impacts.<br />

The basic question we are seeking to <strong>an</strong>swer is: Given<br />

a position or velocity error immediately after the st<strong>an</strong>ce of<br />

a given leg, what set of inputs should be used to remove<br />

that error within the period of one stride?<br />

In this paper we work with four different types of<br />

perturbation that c<strong>an</strong> be used individually, or in<br />

combination, to vary the effect of a leg on the vehicle<br />

motion. They are:<br />

(a) Variation of the impulsive thrust with respect to<br />

the nominal value given by the central pattern<br />

generator<br />

(b) Variation of the <strong>for</strong>e-aft placement of the foot<br />

relative to that of the CPG<br />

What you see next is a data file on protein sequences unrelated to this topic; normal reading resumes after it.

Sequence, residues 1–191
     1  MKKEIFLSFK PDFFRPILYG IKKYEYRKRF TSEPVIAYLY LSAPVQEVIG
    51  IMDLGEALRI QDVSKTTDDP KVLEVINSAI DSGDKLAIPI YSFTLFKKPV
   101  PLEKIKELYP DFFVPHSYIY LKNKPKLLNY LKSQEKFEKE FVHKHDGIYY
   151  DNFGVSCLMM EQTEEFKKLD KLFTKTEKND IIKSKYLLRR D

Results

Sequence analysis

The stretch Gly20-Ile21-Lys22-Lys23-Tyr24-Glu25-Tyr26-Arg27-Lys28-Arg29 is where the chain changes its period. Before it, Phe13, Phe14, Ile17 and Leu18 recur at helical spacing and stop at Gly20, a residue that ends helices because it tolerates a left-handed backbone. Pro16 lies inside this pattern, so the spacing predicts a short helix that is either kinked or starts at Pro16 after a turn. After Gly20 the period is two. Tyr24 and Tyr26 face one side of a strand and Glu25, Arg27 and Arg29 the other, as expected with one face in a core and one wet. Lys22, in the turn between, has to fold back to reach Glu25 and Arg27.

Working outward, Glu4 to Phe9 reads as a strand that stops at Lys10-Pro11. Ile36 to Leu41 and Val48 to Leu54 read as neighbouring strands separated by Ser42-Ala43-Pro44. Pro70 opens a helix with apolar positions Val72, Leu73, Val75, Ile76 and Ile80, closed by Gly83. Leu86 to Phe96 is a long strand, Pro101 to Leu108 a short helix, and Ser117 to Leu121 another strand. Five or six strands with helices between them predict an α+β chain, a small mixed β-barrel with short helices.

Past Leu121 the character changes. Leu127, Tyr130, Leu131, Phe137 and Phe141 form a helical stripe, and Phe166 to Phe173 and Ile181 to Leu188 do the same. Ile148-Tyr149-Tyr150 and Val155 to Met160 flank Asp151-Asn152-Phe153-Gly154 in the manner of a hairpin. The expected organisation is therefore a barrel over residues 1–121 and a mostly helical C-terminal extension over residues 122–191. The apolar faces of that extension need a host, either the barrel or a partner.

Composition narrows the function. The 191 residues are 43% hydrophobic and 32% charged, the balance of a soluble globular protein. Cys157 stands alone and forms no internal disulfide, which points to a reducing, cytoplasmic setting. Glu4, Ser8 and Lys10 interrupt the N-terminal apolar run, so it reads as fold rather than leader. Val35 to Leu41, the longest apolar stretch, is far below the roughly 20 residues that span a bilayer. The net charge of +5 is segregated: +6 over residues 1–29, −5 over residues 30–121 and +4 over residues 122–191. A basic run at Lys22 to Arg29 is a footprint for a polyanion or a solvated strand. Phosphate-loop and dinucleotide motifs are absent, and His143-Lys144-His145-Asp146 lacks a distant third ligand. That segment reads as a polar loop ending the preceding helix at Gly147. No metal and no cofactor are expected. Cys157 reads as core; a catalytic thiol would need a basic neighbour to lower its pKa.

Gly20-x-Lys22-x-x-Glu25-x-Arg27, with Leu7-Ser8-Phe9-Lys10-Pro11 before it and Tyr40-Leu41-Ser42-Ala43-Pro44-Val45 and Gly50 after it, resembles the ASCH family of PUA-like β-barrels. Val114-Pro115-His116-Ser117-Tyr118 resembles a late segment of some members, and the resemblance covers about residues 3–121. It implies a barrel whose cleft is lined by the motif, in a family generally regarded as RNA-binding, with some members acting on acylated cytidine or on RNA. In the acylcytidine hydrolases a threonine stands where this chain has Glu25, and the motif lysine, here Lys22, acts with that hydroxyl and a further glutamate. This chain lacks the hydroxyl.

(c)<br />

(d)<br />

Variation of the lateral placement of the foot<br />

Variation in the time interval between placements<br />

of successive feet.<br />

In this paper we develop expressions <strong>for</strong> the effect of<br />

each of these inputs at each of the four legs on the state of<br />

the system at the completion of the stride, after the style of<br />

reference [1]. We do assume that the result<strong>an</strong>t variations<br />

are small so that the system c<strong>an</strong> be regarded as being<br />

linear. In particular, this implies that a small <strong>an</strong>gle<br />

approximation is valid <strong>for</strong> body rotations.<br />

The role of hip actuators in the above is a little<br />

problematic. The assumption is that hip torques c<strong>an</strong> be<br />

neglected during contact. Of course, the hip degrees of<br />

freedom must be active during the period the foot is off<br />

the ground in order to ensure that the foot will be correctly<br />